Strategies for Surviving Hip Replacement

Death risk after total hip replacement affected by surgical techniques and pre existing conditions

/ Author:  / Reviewed by: Joseph V. Madia, MD Beth Bolt, RPh

(RxWiki News) Total hip replacement is a major surgery that sometimes requires a long recovery. In rare cases, patients die soon after the surgery. However, there may be ways to lower that risk.

A recent study examined the factors that could contribute to death in the 90 days following a total hip replacement. The researchers looked at data from over 400,000 cases to see which patient and treatment features were linked to an increased risk of death.

The researchers found that certain approaches to the surgery may reduce the risk of death. Additionally, patients without serious illnesses like liver disease or cancer had a lower risk of death directly following the surgery.

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Linda Hunt, PhD, of the Musculoskeletal Research Unit in the School of Clinical Sciences at the University of Bristol, led this study to see if there are factors contributing to death after a total hip replacement.

Hip replacement surgery is a major operation normally recommended to older people who suffer from severe arthritis pain or who have joint damage.

Death after hip replacement is rare. However, preventative measures exist to reduce the risk of death, such as medications and devices designed to prevent blood clots.

For this study, the researchers used the National Joint Registry for England and Wales, which has data on patients who have undergone total hip replacement. They linked the data from the National Joint Registry to the national mortality database and the Hospital Episode Statistics database to gather more information about the patients.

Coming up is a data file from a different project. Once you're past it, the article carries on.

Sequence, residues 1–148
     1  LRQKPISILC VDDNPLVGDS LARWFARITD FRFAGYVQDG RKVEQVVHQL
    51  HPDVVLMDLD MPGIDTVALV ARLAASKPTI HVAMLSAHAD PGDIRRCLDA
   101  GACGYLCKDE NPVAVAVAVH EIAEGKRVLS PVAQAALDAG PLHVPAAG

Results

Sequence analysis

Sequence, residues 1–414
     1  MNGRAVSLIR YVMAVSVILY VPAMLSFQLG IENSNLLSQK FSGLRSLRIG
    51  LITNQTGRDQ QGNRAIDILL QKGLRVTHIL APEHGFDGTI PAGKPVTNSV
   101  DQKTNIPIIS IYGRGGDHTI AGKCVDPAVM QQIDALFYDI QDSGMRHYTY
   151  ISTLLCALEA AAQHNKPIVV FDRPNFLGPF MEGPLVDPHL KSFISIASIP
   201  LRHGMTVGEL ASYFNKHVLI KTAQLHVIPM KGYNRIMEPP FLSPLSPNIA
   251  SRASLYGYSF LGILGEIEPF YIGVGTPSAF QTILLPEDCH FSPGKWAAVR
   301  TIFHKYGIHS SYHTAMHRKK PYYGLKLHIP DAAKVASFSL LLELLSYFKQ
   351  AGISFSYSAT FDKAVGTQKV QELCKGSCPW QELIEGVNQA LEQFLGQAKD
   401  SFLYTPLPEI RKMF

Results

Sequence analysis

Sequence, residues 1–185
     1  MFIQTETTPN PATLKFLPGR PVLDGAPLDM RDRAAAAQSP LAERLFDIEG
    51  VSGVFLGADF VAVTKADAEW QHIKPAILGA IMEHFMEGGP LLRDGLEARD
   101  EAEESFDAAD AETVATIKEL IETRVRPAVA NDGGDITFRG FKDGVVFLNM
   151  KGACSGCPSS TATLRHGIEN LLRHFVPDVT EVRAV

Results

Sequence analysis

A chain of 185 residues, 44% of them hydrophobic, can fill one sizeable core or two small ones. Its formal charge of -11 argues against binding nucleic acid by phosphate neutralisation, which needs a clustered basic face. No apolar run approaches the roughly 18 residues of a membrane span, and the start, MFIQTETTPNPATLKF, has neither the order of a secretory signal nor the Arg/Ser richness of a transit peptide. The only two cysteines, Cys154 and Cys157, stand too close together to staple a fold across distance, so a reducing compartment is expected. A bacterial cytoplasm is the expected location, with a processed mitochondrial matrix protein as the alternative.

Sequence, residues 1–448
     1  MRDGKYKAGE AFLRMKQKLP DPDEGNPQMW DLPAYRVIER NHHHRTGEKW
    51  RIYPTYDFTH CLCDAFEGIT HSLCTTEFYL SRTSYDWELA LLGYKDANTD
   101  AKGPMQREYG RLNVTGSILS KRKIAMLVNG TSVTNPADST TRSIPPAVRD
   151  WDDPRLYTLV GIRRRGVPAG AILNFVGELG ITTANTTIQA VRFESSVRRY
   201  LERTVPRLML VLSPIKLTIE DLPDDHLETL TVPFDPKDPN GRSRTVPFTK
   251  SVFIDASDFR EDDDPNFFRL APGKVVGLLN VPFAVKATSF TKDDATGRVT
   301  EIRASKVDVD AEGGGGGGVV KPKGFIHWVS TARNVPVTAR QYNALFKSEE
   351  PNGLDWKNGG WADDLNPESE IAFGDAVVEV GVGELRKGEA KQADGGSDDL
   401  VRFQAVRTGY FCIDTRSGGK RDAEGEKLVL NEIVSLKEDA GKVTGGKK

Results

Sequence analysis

Altogether, the researchers identified 409,096 people who had received a total hip replacement between April 2003 and December 2011 in order to treat osteoarthritis.

They found that 1,743 patients died within the first 90 days after surgery. Men were more likely than women to die in the 90 days after surgery, and the risk increased with age.

The researchers also found that certain factors of the surgery itself contributed to a lower risk of death.

For example, use of a spinal anesthetic lowered the risk of death, probably because general anesthetic and morphine-like medications carry the risk of respiratory problems.

Posterior surgery, or an approach from the back of the body rather than the side, was also associated with a lower risk of death. The researchers suggested the lower death risk may be attributed to less bleeding and better muscle preservation.

Also, when chemical measures like blood thinners were taken to prevent blood clots, death risk dropped significantly.

Assuming that the statistics point to causal associations, the authors wrote that if each patient's surgery involved a posterior approach, spinal anesthetic and chemical prevention of blood clots, death rates in the 90 days after total hip replacement would have dropped by one fifth.

The researchers also found that patients who had certain simultaneous illnesses or health conditions were more likely to die in the 90 days immediately following the surgery.

People who had severe liver disease were ten times more likely to die soon after a hip replacement, and people with cancer were seven times more likely than the average patient. Congestive heart failure, previous heart attack, and renal disease amplified death risk in the 90 days following surgery by two or three times compared to patients without those conditions.

According to the researchers, this study had some weaknesses because it was observational, so they cannot assume that certain factors contribute to a higher death risk after total hip replacement.

However, because the National Joint Registry is the largest joint replacement database in the world and the sample size was so large, the researchers say that the findings are fairly reliable.

The researchers concluded that the data points to better practices for total hip replacement, and that more research is needed to identify factors affecting death risk.

This study was published in The Lancet on September 26.

The research was funded by the National Joint Registry for England and Wales. The authors declared no conflicts of interest.

Review Date: 
September 24, 2013
Last Updated:
September 26, 2013